UnitedLinux might not be very GPL-friendly
UnitedLinux held a telephone party yesterday to announce new general manager Paula Hunter and talk about its open beta release. Lots of curious journalists showed up. The question-askers all had a cynical air about them, and yet UnitedLinux bigwigs didn't seem surprised by the grilling. The underlying question still: what will UnitedLinux mean in the big picture that is Linux business? Our question: what about the GPL? (Also inside, an open letter to the UnitedLinux group from the FSF.)
The UnitedLinux people shielded Hunter from having to answer any technical questions about Linux (or Line-Ux as the conference call coordinator pronounced it), when someone asked just how much experience she's had with Linux and Free Software anyway. Some thought it odd that Ransom Love is no longer in the picture either at SCO or UnitedLinux (Paula didn't really have an answer for that either.)
And there was talk from some journalists about the possibility of the separate Linux companies that make up UnitedLinux simply merging to form one gigantic Linux behemoth that could be the unstoppable Goliath all corporate guys lust after. UL batted its eyelashes at that suggestion, not willing to play kiss and tell just yet.
But what we at NewsForge really wanted to know was how UnitedLinux is planning to stay true to the heart of Linux -- the GNU General Public License. Nobody else seemed interested, so we asked how UL managed to release a closed beta and still comply with the terms of the GPL.
UnitedLinux admitted it had its partners sign a non-disclosure agreement in order to use the closed beta, which likely means that UL violated the copyright of kernel developers everywhere and others who have contributed to GNU/Linux. If the NDA was structured so that the GPL would take precedence on non-proprietary, Free Software elements of the software, then that NDA would not violate the terms of the GPL. It is more likely, however, that the NDA squashed the GPLed freedoms by forcing recipients of the closed beta to agree that they would not redistribute any portion of the software.
Bradley Kuhn, executive director of the Free Software Foundation, was also on the conference call, and he asked the UnitedLinux hosts if they would be willing, as a show of solidarity with the Free Software and Open Source communities, to open up their NDA to inspection in order to show that they did comply with the terms of the GPL. They said they'd take that under advisement. But I wouldn't hold my breath.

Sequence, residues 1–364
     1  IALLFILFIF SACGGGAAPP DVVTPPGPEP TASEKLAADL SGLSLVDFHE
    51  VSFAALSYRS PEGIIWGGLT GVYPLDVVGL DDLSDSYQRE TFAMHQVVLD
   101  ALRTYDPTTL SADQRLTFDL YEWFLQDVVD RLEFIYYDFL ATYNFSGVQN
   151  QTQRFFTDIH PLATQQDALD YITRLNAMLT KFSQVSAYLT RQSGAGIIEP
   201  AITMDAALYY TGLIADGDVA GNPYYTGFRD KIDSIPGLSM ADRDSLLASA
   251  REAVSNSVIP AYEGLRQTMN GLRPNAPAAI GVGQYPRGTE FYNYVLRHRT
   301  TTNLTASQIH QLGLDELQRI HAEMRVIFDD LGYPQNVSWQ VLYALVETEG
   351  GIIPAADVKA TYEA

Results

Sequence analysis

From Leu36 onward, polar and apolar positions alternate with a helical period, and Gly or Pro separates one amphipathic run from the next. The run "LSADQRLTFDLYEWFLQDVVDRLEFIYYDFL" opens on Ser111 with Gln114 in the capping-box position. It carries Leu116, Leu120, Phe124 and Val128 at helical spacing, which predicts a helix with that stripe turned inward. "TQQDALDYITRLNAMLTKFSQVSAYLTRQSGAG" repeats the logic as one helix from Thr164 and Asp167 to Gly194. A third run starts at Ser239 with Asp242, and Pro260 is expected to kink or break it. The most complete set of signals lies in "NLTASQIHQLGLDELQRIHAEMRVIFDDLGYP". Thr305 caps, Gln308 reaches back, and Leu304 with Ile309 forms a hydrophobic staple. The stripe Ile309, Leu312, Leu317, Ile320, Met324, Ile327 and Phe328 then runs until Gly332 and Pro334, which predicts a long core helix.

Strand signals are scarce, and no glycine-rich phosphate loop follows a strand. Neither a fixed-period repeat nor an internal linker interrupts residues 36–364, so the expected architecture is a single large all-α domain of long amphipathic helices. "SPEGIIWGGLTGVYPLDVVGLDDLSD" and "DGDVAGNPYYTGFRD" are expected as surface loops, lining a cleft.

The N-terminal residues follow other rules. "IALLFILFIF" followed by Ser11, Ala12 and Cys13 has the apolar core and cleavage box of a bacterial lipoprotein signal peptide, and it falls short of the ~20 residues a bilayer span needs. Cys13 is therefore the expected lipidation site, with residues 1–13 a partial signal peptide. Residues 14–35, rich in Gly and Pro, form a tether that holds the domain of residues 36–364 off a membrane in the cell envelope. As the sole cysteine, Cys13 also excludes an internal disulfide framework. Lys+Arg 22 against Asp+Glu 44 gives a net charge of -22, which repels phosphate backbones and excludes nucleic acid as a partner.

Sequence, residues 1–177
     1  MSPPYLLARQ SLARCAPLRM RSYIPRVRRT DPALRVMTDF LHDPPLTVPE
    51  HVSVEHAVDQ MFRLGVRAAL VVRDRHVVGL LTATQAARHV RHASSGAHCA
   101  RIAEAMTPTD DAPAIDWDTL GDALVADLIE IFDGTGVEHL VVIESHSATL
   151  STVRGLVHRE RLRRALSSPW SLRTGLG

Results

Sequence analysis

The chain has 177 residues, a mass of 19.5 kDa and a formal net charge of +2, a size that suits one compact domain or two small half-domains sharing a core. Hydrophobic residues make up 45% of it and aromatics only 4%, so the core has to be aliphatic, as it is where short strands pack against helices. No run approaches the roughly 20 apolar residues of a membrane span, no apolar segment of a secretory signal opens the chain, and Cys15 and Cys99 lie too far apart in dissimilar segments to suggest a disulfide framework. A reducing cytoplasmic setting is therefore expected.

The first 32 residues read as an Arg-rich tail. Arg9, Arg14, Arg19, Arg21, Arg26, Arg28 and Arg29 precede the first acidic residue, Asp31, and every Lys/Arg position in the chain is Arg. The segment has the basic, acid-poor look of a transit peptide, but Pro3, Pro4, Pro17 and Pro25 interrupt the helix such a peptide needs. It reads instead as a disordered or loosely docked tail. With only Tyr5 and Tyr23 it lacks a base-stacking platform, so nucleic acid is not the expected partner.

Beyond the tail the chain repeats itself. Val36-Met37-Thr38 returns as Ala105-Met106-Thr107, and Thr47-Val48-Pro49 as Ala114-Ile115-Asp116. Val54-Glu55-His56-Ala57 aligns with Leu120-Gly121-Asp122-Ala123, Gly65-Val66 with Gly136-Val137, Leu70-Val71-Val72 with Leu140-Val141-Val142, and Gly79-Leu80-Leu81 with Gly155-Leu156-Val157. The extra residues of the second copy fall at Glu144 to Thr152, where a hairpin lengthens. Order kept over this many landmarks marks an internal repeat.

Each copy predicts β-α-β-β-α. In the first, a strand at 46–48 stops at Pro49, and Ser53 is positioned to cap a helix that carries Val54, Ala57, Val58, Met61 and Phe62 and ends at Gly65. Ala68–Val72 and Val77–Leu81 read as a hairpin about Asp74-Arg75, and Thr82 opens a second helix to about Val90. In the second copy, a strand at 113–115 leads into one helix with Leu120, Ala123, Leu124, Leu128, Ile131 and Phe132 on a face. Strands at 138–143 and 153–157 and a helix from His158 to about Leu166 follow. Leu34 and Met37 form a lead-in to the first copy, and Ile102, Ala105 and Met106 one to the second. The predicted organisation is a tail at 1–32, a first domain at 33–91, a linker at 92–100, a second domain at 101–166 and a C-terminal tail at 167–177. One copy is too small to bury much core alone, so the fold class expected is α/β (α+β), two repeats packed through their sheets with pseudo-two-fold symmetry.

Kuhn followed up his phone question with this open letter, sent to all members of UnitedLinux:
Dear UnitedLinux Board of Managers,
On the conference call announcement that occurred on 18 September 2002, you indicated that you'd be willing to release to the Free Software community the terms that of your "closed beta" NDA, to show that your closed beta was indeed distributed in compliance with the terms of the GNU General Public License and the GNU Lesser General Public License.
As you know, distribution of any type is still distribution under copyright law, and thus requires that you properly comply with terms of GPL and LGPL. Of course, it is your prerogative to distribute only to those parties you wish to receive a copy, but you may not restrict those parties' rights under GNU GPL and LGPL.
However, since nearly all of the volunteers from the Free Software community (your fellow developers) did not receive a copy of the so-called "closed beta", we ask that in a show of good faith, you make available at least the terms of distribution you used for that product.
Even as you release your new product to the public, the past situation must be clarified. Not only does the community deserve to know, but I also believe it behooves you to put to rest and clarify the legal ambiguities that arise naturally from doing a "closed beta" of GPL'ed software.
I look forward to your prompt response, and thank you for taking my question today. I presume that you are acting in full compliance with GPL; this is just a matter of clarifing that fact for the community.
Bradley M. Kuhn
Executive Director, Free Software Foundation
Other so-called Linux advocates don't seem to be too concerned about the closed tendencies showing up in UnitedLinux: Linux International and the Free Standards Group are two .orgs that have endorsed the group, composed of Turbolinux, SCO, SuSE, and Conectiva. Pundits have suggested that Linux International and the Free Standards Group may have even signed NDAs themselves.
So what's the big deal? UnitedLinux is going to put a public beta online in the next week or so, and the source code will be included for free (even though it doesn't have to be free). UL will only charge for commercial use. But will they include the source on that? And will there be another NDA to sign? That's the big deal: Is UnitedLinux down with the idea behind software libre, or are they just trying to become a Red Hat killer and Linux oligopoly in order to make some fast bucks? After all, Turbolinux, SCO, SuSE and Conectiva have not been known as staunch Free Software adherents -- unlike two other commercial distros: Mandrake and Red Hat.
A little more openness, a little more communications, and maybe a peek at the NDA would go a long way in developing trust in the community which has so generously provided to UL years of hard work on the Linux kernel and other Free Software.
Sponsored: Today’s most dangerous security threats